It seems as though there are more wrong turns in life than there are right turns. Many start strong, have high ideals, clear goals and objectives and then, for one reason or another, they drop from sight.    

Normally, it is not from a disaster or one single event. It’s usually a combination of things. Foolish ways to manage a business have already been discussed. But, there is one “habit” that is mentioned again and again in Proverbs as a reason for failure: laziness. In fact, it is identified more than ten times as a reason for failure.

And the word used for “laziness” leaves no room to wiggle away from the diagnosis: sluggard. If there is any living thing that most people want to avoid it is a “mollusk” or “slug.” In fact, the very word “slug” brings to the mind’s eye some “thing” that is lazy, sluggish, undirected and listless. Slugs endanger plant life.

But there is something interesting about its use. In this verse, Solomon compared and contrasted the way of the sluggard to an ant. Now, on one hand, few insects in life can be as annoying and bothersome and troublesome as an ant.

On the other hand, however, ants show vivid vision of a work ethic that is worthy of copying. Ants plan and prioritize, are motivated and industrious, disciplined and diligent, self-controlled and self-reliant. Certainly a sign of “applied wisdom” that begins with God.

God’s wisdom is practical, simple and sensible and can lead to our success. The ant is a great example.

Prayer:  Thank You, Father, for illustrating how the little things in life can make such a big difference. In Jesus’ Name, Amen.

Scripture for Today:  Proverbs 6:6 Go to the ant, you sluggard; consider its ways and be wise!
Years ago a “hobo” came to the back porch as my mother sat there “shelling peas.” “Pardon me, Ma’am, but could you spare a meal to a starving traveler?”

Graciously, but firmly, my mother responded and said she would be happy to provide a meal but he would have to do some yard work first. Politely, he declined. He was “too weak” to work before he had something to eat. He then walked away quietly and went next door.

God intended for man to work. As soon as He created man He planted a garden in Eden and gave him a job to do: he was told to cultivate the garden. The Psalmist reminded us of the importance of work when he wrote, “Man goes out to his work, to his labor until evening.”

Perhaps it is good to remember that in the days of His flesh our Lord Jesus worked. He must have gone to His daily tasks with enthusiasm - not because it was easy or financially rewarding. But because He was using the skills His Father gave Him to do His will and honor Him through the work of His hands. On one occasion, early in His life He said, “I always do the things that please Him.” He did what was necessary yet never sinned.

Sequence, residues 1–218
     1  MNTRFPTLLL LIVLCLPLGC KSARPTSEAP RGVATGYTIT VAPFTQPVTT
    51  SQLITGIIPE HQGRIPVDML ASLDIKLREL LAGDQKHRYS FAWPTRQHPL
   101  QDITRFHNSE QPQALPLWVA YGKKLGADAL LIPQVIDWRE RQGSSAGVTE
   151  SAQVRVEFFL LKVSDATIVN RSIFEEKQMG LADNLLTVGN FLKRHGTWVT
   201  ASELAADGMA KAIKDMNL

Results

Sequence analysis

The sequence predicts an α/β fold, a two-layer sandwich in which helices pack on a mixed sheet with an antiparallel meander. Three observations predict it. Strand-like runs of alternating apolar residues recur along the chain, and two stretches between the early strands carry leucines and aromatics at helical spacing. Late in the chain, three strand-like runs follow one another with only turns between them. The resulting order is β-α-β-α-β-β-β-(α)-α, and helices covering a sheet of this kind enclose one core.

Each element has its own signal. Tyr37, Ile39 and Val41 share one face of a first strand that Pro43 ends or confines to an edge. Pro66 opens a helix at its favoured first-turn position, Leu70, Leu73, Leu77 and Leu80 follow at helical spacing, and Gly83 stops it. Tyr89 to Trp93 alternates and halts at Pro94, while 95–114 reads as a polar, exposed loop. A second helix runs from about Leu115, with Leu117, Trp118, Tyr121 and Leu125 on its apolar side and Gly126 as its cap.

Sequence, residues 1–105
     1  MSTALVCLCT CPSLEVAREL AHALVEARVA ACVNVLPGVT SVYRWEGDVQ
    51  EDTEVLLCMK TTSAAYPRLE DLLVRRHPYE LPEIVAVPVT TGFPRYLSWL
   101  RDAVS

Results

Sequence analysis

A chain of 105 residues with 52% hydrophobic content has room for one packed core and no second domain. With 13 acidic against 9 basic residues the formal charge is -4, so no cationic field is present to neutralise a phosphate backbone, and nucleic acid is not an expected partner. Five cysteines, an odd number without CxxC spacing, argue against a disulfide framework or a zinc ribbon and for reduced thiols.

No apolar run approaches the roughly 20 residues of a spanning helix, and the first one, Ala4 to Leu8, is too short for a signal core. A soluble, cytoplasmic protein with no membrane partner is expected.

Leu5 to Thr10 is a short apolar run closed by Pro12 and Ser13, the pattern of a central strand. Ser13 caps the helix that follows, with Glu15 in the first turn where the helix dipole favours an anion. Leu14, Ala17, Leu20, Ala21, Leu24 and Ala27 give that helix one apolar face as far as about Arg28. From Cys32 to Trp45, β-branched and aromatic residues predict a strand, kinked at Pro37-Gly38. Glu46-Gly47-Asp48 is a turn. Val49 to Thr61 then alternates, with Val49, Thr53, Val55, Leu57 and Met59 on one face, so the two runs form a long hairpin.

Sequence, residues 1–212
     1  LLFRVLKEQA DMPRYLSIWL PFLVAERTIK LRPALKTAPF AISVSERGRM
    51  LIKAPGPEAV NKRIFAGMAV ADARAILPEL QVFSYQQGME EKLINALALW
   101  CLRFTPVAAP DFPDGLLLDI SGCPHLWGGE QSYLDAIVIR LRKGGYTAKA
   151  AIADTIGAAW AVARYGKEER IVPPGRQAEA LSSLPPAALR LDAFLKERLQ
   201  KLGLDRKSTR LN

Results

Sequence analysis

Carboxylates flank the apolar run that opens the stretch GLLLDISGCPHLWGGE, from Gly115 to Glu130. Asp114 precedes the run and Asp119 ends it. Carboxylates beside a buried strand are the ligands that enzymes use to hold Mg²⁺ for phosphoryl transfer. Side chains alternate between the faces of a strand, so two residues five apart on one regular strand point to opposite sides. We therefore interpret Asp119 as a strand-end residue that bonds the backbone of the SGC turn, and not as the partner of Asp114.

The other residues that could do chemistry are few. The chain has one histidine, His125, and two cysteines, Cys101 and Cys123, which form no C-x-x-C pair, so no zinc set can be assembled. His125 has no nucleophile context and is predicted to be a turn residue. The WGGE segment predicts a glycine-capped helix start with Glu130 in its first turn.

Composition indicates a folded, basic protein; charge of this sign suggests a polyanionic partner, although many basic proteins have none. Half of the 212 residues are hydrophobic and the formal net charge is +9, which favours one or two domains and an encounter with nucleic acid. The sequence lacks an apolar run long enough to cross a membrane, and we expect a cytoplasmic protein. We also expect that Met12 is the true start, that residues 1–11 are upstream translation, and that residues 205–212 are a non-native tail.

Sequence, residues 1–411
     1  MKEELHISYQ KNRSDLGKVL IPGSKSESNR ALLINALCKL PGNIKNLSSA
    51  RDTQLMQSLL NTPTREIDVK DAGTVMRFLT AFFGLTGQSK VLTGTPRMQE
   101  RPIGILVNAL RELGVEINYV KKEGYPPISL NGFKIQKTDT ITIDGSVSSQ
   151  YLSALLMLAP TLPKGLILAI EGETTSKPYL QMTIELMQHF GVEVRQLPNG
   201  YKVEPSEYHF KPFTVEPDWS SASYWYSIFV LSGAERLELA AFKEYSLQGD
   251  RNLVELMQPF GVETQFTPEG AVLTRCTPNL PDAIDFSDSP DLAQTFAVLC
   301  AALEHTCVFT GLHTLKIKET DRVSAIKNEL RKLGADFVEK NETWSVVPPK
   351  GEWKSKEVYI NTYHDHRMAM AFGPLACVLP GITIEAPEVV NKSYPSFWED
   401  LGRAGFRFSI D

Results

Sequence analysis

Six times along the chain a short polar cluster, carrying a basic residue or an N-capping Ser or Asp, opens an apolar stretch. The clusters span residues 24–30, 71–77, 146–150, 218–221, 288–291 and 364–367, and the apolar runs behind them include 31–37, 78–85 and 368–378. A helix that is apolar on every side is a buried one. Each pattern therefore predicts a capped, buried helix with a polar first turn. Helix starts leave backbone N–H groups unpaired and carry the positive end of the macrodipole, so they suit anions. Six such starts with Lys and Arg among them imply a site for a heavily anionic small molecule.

How comforting it is to know that the Carpenter of Nazareth faced every situation that we face today. This fact assures us that He understands us completely. He faced the same trials and temptations that we face so He understands us. Yet He never gave in to any temptation or committed any sin so He could become our Savior.

Prayer: Thank You, Lord, for living a life that sets the example of how we should live so others can see You in us. In Jesus’ Name, Amen.

Scripture for Today: Psalm 104:23 Then people go out to their work, to their labor until evening.

Most of us have a memory or two of family trips we took when we were children. Excitement filled our hearts as we began the trip. Then, after awhile, boredom and restlessness would set in and everyone became anxious and angry and wondered why we ever left home. No matter where we were going or how long it took, someone would ask the question, “Are we there yet?” It is a question that is handed down from one generation to the next and one family to another. It’s part of every journey.

And the answer was and still is the same: “Almost” or “Not yet.” It reminds us of the fact that life is indeed a journey and we are never sure where or when it will end.It is difficult to face the uncertainties of life wondering when there will be some final resolution to the issues that surround us and threaten us constantly. We are troubled when we see injustice and feel deceived. We want to be free from the fear and threat of terrorism and enjoy the reign of peace and joy. We hear of wars and rumors of wars. We are forced to face the fact that conflict and crises pervade our world and disturb our lives. And the peace that the leaders of this world promise us, never comes.

So we call on God and ask, “Are we there yet? Is it time for Your return?” And He answers, “Almost. Not yet. My time has not come. You and I still have work to do.”

As we Christians have His light in this darkness and His hope in the midst of despair, we must share this gift of light and hope with others so they can pray with us...

Prayer: “O Lord, the God Who saved us, day and night we cry out to You. May our prayers come before You; turn Your ear to our cry!” Grant us Your peace through Christ. In Jesus’ Name, Amen.

Scripture for Today: Psalm 88:1-2 Lord, you are the God who saves me; day and night I cry out to you. May my prayer come before you; turn your ear to my cry.

There was a small huddle going on at home plate. Lucy and Linus of the Peanuts comic strip were having an intense discussion with their coach, Charlie Brown.

“Our team,” said Charlie, “has lost every game this season. There’s nothing good about our team!”

“But,” protested Lucy, “Schroeder almost hit a home run. We almost won a couple of games. Once we almost made a double play.”